A synthetic biology-based device prevents liver injury in mice

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Background & Aims The liver performs a panoply of complex activities coordinating metabolic, immunologic and detoxification processes. Despite the liver's robustness and unique self-regeneration capacity, viral infection, autoimmune disorders, fatty liver disease, alcohol abuse and drug-induced hepatotoxicity contribute to the increasing prevalence of liver failure. Liver injuries impair the clearance of bile acids from the hepatic portal vein which leads to their spill over into the peripheral circulation where they activate the G-protein-coupled bile acid receptor TGR5 to initiate a variety of hepatoprotective processes. Methods By functionally linking activation of ectopically expressed TGR5 to an artificial promoter controlling transcription of the hepatocyte growth factor (HGF), we created a closed-loop synthetic signalling network that coordinated liver injury-associated serum bile acid levels to expression of HGF in a self-sufficient, reversible and dose-dependent manner. Results After implantation of genetically engineered human cells inside auto-vascularizing, immunoprotective and clinically validated alginate-poly-(L-lysine)-alginate beads into mice, the liver-protection device detected pathologic serum bile acid levels and produced therapeutic HGF levels that protected the animals from acute drug-induced liver failure. Conclusions Genetically engineered cells containing theranostic gene circuits that dynamically interface with host metabolism may provide novel opportunities for preventive, acute and chronic healthcare. Lay summary Liver diseases leading to organ failure may go unnoticed as they do not trigger any symptoms or significant discomfort. We have designed a synthetic gene circuit that senses excessive bile acid levels associated with liver injuries and automatically produces a therapeutic protein in response. When integrated into mammalian cells and implanted into mice, the circuit detects the onset of liver injuries and coordinates the production of a protein pharmaceutical which prevents liver damage.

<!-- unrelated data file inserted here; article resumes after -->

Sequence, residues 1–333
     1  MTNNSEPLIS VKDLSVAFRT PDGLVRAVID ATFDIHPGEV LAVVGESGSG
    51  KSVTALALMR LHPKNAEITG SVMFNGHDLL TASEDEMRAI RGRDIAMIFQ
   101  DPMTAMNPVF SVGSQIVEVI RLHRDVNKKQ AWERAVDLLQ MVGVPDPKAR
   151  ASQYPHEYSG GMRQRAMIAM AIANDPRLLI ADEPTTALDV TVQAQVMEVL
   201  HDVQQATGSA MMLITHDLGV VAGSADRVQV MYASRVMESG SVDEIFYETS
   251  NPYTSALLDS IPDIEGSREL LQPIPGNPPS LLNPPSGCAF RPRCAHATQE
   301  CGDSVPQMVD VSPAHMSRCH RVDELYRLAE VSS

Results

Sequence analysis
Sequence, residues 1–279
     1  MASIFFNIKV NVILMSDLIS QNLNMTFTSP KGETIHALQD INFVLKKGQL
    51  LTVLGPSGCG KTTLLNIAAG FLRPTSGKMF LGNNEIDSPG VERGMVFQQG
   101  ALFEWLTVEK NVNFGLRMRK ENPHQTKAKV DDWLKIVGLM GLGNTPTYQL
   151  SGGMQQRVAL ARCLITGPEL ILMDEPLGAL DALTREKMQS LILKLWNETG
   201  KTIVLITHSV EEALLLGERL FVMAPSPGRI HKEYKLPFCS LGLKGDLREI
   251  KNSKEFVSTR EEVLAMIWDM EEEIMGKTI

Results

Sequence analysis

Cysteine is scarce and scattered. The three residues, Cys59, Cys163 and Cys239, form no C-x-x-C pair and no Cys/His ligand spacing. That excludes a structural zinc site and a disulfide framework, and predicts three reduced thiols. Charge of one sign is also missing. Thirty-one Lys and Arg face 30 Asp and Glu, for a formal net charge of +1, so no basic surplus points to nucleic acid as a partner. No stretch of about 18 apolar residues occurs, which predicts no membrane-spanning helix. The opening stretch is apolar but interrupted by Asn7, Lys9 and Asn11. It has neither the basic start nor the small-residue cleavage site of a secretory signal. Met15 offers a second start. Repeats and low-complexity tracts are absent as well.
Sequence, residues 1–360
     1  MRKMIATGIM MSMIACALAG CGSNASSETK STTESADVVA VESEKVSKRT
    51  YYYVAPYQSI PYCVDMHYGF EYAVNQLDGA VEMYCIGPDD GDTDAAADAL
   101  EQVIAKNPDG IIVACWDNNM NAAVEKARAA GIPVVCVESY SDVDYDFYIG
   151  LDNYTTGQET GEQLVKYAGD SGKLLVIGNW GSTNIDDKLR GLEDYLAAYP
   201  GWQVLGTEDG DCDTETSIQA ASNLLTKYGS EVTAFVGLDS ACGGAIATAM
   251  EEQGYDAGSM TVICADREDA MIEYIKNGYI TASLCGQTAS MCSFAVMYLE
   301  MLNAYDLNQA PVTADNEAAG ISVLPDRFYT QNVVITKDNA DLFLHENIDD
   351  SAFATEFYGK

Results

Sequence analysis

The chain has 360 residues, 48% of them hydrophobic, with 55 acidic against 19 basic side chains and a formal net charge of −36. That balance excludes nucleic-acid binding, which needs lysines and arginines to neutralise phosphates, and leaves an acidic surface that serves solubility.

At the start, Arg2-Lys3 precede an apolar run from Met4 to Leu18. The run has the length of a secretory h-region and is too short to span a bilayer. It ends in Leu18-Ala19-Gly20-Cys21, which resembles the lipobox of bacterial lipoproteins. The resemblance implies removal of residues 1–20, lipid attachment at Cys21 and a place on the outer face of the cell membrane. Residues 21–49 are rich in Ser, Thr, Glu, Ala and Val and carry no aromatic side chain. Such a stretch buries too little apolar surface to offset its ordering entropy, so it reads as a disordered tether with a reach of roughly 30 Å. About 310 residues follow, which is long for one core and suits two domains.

Bai, P., Ye, H., Xie, M., Saxena, P., Zulewski, H., Charpin-El Hamri, G., … Fussenegger, M. (2016). A synthetic biology-based device prevents liver injury in mice. Journal of Hepatology, 65(1), 84–94. https://doi.org/10.1016/j.jhep.2016.03.020

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